Social Justice is a major part of the Christian tradition. It forms one of the central pillars of moral theology. Contrary to the way some speak of social justice, it is not a new feature, but rather, it comes from the moral teachings found in the Torah, the Prophets, the Wisdom and Historical Books, and from the preaching of Jesus and his first Apostles. It continued to be found in patristic writers, with some like Salvian taking particular interest in it and making it central to their writings, with others like St. Basil, St. John Chrysostom, St. Cyril of Alexandria, et. al., following through with it as needed, usually in and through their commentaries and homilies on Scripture, but also in relation to their civic and religious duty when society had to be brought together to work for the common good (such as in times of extreme famine).
Social justice must not be misconstrued as “misguided compassion.” While compassion certainly should be a part of the equation, because justice is not justice without mercy and grace, without transcendent charity penetrating it and making it more than another form of legalism, justice is about righteousness and making less-than just situations just. Compassion is a tool which helps make people realize where injustice is occurring, and sympathize with the victims of injustice, but even without compassion, even without charity, a mere desire for righteousness itself should suffice as to justify social justice and demonstrate why it is a necessary part of Christian moral teaching. Social justice is not some sort of liberal relativism deny objective goodness, rather, it follows objective goodness as a reason why justice must be followed, showing that it is one of the most conservative elements of the Christian tradition.St. Jerome, in his commentary on Isaiah, rightfully explained that justice and morality are intertwined:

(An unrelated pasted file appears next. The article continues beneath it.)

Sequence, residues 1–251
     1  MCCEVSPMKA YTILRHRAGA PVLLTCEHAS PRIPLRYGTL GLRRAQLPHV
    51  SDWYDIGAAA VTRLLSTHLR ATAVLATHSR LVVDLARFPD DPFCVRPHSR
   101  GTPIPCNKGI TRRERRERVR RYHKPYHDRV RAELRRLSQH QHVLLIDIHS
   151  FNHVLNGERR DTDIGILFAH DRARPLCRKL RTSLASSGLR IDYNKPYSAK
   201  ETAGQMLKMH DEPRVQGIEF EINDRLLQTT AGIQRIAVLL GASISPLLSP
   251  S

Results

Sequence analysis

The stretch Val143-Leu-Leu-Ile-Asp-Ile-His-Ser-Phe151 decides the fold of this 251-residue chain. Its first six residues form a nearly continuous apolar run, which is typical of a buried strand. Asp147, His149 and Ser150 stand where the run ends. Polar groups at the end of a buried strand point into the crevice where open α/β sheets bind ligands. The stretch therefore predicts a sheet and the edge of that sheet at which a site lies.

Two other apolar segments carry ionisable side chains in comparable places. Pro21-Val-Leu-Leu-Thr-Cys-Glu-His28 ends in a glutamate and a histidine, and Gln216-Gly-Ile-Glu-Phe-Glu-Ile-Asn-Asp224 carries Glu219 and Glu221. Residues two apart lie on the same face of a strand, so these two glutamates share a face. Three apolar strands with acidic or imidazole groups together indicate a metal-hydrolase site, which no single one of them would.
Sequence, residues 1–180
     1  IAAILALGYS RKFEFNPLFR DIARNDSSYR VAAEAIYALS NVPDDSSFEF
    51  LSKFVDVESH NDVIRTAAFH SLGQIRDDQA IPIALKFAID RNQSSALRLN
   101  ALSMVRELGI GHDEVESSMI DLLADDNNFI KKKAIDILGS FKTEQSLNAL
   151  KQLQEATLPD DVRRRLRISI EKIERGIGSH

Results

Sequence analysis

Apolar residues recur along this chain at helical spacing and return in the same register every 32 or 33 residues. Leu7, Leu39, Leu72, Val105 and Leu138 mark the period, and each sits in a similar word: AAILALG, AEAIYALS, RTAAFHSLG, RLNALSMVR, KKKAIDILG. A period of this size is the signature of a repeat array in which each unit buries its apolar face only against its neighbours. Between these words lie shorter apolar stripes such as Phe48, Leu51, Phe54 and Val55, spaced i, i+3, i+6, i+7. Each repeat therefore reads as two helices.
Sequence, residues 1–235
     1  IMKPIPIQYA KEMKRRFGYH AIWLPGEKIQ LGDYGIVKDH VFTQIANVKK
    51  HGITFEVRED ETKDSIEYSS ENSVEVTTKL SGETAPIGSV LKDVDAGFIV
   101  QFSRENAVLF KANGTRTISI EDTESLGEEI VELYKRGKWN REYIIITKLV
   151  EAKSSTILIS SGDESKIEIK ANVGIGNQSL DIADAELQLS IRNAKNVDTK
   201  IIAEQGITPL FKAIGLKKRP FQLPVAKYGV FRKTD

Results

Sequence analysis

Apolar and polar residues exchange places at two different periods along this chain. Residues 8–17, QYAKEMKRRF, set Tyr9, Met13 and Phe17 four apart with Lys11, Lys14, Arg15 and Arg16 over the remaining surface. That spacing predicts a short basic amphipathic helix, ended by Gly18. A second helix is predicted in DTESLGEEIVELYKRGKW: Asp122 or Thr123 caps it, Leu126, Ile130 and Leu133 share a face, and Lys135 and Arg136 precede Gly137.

To what is said here, Keep judgment, and do justice, the following words are similar: “Blessed are those who keep judgment and do justice at all times” [Ps 106:3], so that they justly pursue what is just – although under the name of justice all points of morality appear to be to be signified. For the one who does a single justice is shown to have fulfilled all the virtues, which follows each other in succession and cleave to each other. Consequently one who has one, has them all, and the one who lacks one, lacks them all. 
St. Jerome’s point follows what James wrote, when he said, “For whoever keeps the whole law but fails in one point has become guilty of all of it” (James 2:10 RSV). Social Justice realizes the unity of all moral claims, of all justice, that all that is good is united together as one holistic doctrine, one holistic good, and all sin is about the destruction of the “seamless garment” of truth which Christ used to cover the church in glory. Social justice realizes this is true, not just for people as individuals, but for people in their personal relationships, in their communities, in the structures which they implement in society. If those structures are unjust, then they are sinful and must be overturned.